Imagex /apply winpe.wim 1 c:\WinPE\mount
Figure B shows what this command looks like in action.

Figure B

This next step is optional. You can use the PEIMG command to install drivers or prebuilt packages. Here is a list of the available packages and their functions:

Package Name Package Description
WinPE-HTA-Package HTML support for applications
WinPE-Scripting-Package Support for Windows Scripting Host
WinPE-XML-Package Support for an XML Parser
WinPE-SRT-Package Windows Recovery Environment Component
WinPe-MDAC-Package Support for Microsoft Data Access Component

If you want to install one or more of these packages, here is the syntax for doing so:

PEIMG /install=package-name C:\WinPE\Mount
For example, if you wanted to install the WinPE-XML-Package, the command would look like this:
PEIMG /Install=WinPE-XML-Package C:\WinPE\Mount
Once you are satisfied with the contents of your image, you must finalize the image. Remember that once you perform this step, you will not be able to make modifications to the image. To finalize the image, enter the following command:
Peimg /image=c:\WinPe\mount /prep
Upon entering this command, you will see a warning message similar to the one that's shown in Figure C. Enter the word Yes when prompted, and the image will be finalized.

Figure C

Remember, you must finalize the image.

It is now time to create a Windows Image file (a .WIM file) image of the .ISO template directory. To do so, enter the following command:

Imagex /capture /boot /compress max "c:\WinPE\mount" "c:\WinPE\iso\sources\boot.wim" "My PE Image"
In case you are wondering, the first path specified in the command is the source file path. The second path is the destination path. The final bit of text used in the command is the name of the image that is being created.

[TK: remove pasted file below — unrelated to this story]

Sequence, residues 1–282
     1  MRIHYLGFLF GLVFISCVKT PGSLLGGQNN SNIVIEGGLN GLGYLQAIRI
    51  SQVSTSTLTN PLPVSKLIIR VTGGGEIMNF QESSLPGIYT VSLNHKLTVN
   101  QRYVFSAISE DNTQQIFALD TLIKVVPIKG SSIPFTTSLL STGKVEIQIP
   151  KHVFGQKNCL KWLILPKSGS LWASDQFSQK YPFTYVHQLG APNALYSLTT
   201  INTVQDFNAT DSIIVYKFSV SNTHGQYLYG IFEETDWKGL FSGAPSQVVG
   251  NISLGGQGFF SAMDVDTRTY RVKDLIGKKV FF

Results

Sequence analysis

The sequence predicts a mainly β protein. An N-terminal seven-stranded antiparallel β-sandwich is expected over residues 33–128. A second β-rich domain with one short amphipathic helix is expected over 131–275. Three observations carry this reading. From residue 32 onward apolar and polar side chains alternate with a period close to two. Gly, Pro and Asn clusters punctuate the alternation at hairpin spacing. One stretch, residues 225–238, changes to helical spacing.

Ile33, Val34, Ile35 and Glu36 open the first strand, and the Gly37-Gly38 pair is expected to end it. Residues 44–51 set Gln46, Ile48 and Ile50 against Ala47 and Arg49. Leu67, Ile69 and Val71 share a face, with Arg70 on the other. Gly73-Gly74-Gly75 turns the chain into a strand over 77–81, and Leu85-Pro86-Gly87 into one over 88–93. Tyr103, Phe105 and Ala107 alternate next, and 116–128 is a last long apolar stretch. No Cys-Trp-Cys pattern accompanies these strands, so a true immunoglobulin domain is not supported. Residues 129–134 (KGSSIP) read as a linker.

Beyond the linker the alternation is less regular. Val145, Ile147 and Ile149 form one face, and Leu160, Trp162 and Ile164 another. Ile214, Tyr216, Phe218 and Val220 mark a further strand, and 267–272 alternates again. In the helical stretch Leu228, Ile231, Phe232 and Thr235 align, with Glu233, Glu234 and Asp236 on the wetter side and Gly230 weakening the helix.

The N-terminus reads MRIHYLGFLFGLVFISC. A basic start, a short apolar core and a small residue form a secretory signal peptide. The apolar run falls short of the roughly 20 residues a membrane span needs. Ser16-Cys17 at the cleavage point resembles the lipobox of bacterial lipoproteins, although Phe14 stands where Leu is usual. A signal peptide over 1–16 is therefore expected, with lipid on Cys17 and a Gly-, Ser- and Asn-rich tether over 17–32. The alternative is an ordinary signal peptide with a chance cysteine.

You can see an example of the command in Figure D.

Figure D

The last step in the process is to create an .ISO image that you can burn to a DVD. To do so, enter the following command:

Oscdimg –n c:\WInPE\ISO c:\WinPE\My_PE_Image.iso –n –bc:\WinPE\etfsboot.com
Figure E shows what the command should look like.

Figure E

Now, just burn the .ISO image to a disk and boot from it. When your system boots, Windows PE will look something like what you see in Figure F.

Figure F

So that's how you create a Windows PE boot disk. Again, keep in mind that while I used Windows PE as a mechanism for creating system images, you can use Windows PE to run pretty much any executable file. I have known administrators to create Windows PE boot disks containing a variety of troubleshooting tools.

Brien M. Posey, MCSE, has received Microsoft's Most Valuable Professional Award four times for his work with Windows Server, IIS and Exchange Server. He has served as CIO for a nationwide chain of hospitals and healthcare facilities, and was once a network administrator for Fort Knox. You can visit his personal Web site at www.brienposey.com.

This was first published in February 2008